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The Scientologists’ confidential papers, according to sources, are filled with the words “identify,” “attack,” “destroy” and “enemies,” and projects against government agencies were given code names like “Snow White,” “Hunter,” and “Witch.”

Asked whether these words were used in Scientology documents, Layton, the Scientology Church spokesman said, “I haven’t seen them so I can’t say.”

Layton also said the term “fair game,” in the Scientology lexicon, is sometimes misunderstood.

The church has its own judicial system to handle internal matters, he said. When a member leaves the church he no longer has the “protection” of the Scientology judicial system, Layton said. “That’s what ‘fair game’ meant,” he said. “We canceled it (the term) years ago because people were misconstruing it.”

Gabriel Cazares, the former mayor of Clearwater, Fla., said in a telephone interview yesterday that he became involved with the Church of Scientology when he tried to find out the identity of a group that bought a 50-year-old hotel in his town.

When he found out that they were Scientologists, “I let it be known that they had lied to public officials, (and) had deceived our ministers in town,” Cazares said.

“They sued me for a million dollars to start with,” Cazares said. Then he gave more interviews and the Scientologists sued him for another $2 million, he said.

“Instead of running for cover as they expected me to, I sued them for $8 million and my wife sued them for $1 million,” he said. Each side decided to drop its suits, Cazares said, but he is trying recover $25,000 he said he spent defending himself against the Scientologists.

Cazares, who is now a stockbroker in Clearwater, spoke at length and in detail about his involvement with the Scientologists, but he would not comment on the hit-and-run incident in the District of Columbia that was described in the Scientology documents seized by federal agents.

The documents and testimony of the government’s informant, according to informed sources, indicate that church members carefully rehearsed staging a hit and run accident in the District and then executed it in the following manner:

When Cazares was in Washington for a mayor’s conference in May 1978, he was invited to an interview with a Scientology publication at a restaurant off DuPont Circle. Cazares accepted and during the interview caught flirtatious glances from a woman nearby.

Afterward he and the woman began conversing and he left with her in her car, according to the sources.

As they drove through Northwest Washington the woman, who was herself a Scientologist, apparently struck a pedestrian at roadside.

The woman then sped away, explaining she was too scared to stop. In fact the pedestrian was a Scientologist, according to informed sources, and was uninjured.

The mayor, apparently unaware of that the driver was a church member, returned to Florida, and Scientologists then attempted to use against him reports that he had been in a hit and run accident and had not reported it, the sources said.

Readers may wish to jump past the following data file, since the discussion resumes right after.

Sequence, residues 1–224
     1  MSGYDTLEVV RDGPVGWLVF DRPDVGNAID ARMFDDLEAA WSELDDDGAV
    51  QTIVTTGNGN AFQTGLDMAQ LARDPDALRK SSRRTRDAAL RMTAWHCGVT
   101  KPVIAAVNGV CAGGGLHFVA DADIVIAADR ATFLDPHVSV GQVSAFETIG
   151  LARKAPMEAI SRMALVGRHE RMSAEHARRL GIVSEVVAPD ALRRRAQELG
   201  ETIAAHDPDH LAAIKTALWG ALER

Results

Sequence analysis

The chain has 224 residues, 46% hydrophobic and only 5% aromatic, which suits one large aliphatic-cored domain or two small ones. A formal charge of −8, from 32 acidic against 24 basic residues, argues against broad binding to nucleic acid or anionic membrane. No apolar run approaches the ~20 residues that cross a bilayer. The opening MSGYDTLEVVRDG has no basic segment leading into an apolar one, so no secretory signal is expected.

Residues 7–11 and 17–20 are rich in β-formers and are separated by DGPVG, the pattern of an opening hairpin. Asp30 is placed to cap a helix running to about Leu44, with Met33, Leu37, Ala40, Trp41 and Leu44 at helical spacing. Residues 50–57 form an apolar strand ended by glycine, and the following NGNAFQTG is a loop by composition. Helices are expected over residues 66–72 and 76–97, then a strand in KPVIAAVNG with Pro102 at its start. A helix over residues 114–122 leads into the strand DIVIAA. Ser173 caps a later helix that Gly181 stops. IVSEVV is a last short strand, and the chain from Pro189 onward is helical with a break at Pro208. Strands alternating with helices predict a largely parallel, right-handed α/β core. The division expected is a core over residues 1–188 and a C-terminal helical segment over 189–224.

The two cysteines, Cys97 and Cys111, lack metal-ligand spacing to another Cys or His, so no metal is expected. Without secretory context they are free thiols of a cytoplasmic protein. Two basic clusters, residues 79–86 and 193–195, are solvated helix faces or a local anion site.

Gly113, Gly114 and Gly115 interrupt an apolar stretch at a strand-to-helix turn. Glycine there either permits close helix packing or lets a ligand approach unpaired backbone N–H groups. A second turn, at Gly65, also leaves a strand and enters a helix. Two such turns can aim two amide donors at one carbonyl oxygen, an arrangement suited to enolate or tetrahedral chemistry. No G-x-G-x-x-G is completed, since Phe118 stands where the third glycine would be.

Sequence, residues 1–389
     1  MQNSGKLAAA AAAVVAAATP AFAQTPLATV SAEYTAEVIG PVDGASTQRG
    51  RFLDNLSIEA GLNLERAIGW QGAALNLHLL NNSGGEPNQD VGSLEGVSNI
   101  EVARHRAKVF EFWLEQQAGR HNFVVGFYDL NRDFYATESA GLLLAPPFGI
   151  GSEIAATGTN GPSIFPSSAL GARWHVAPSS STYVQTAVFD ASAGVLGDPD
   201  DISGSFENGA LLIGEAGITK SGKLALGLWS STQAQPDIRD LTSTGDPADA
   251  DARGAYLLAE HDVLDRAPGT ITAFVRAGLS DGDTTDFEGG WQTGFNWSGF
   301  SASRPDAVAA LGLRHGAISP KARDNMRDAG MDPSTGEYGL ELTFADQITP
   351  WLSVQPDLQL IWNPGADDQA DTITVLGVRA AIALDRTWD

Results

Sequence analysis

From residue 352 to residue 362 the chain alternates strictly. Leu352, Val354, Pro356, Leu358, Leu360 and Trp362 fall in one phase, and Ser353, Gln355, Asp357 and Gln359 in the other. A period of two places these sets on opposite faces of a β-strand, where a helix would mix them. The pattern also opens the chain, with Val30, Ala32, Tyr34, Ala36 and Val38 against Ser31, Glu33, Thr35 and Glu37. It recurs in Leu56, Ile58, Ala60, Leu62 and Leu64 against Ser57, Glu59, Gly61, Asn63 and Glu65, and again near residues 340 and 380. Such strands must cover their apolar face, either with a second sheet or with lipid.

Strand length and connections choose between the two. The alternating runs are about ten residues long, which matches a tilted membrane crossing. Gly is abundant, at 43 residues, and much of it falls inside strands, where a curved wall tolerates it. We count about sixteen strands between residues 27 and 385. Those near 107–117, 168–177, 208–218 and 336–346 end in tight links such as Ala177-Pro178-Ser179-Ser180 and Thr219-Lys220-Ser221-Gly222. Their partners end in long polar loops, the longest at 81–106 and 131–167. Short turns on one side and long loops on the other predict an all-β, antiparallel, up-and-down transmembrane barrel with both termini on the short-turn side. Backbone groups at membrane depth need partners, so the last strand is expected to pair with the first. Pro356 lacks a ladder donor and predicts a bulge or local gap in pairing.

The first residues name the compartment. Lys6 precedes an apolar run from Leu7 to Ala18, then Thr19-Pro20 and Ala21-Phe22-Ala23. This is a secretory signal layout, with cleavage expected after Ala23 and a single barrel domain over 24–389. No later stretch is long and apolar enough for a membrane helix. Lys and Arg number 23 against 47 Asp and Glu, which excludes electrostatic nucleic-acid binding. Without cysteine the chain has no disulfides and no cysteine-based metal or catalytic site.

Cazares, who confirmed that he was in Washington for the mayor’s conference, said that the Scientologists attacks on him caused citizens of Clearwater to rally around him and had nothing to do with the fact he is now out of public life.

Layton, the church spokesman, denied the whole account. “That is pretty wild,” he said. “It sounds like a plot for a movie.”

Mark Sableman, a former reporter for the Clearwater Sun, was identified in the documents as another target of attack, according to sources close to the investigation.

Sableman had written newspaper stories investigating the Scientologists purchase of the old Fort Harrison Hotel, and later contributed to a series of articles scrutinizing the church.

According to documents in government possession, when Sableman later covered the Florida legislature, the Scientologists planted a forged rough draft of a story, purportedly by Sableman linking Florida politicians to the Mafia, illicit sex, and other crimes.

Sableman, contacted yesterday, said his credibility was such that he was hardly damaged by the plant and the effect of the plant “was minimal,” but he said he “could not believe what had been done.”

 
For more about the Cazares hit-and-run operation, we managed to get our hands on Gabe’s FBI file with a lot more details.

 
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HowdyCon 2019 in Los Angeles

This year’s HowdyCon is in Los Angeles. People tend to come in starting on Thursday, and that evening we will have a casual get-together at a watering hole. We have something in mind, but for now we’re not giving out information about it.

Friday night we will be having an event in a theater (like we did on Saturday night last year in Chicago). There will not be a charge to attend this event, but if you want to attend, you need to RSVP with your proprietor at tonyo94 AT gmail.

On Saturday, we are joining forces with Janis Gillham Grady, who is having a reunion in honor of the late Bill Franks. Originally, we thought this event might take place in Riverside, but instead it’s in the Los Angeles area. If you wish to attend the reunion, you will need to RSVP with Janis (janisgrady AT gmail), and there will be a small contribution she’s asking for in order to help cover her costs.

HOTEL: Janis tells us she’s worked out a deal with Hampton Inn and Suites, at 7501 North Glenoaks Blvd, Burbank, (818) 768-1106. We have a $159 nightly rate for June 19 to 22.

 

 
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Scientology’s celebrities, ‘Ideal Orgs,’ and more!

[Jenna Elfman, Giovanni Ribisi, and Greta Van Susteren]

We’ve been building landing pages about David Miscavige’s favorite playthings, including celebrities and ‘Ideal Orgs,’ and we’re hoping you’ll join in and help us gather as much information as we can about them. Head on over and help us with links and photos and comments.

Scientology’s celebrities, from A to Z! Find your favorite Hubbardite celeb at this index page — or suggest someone to add to the list!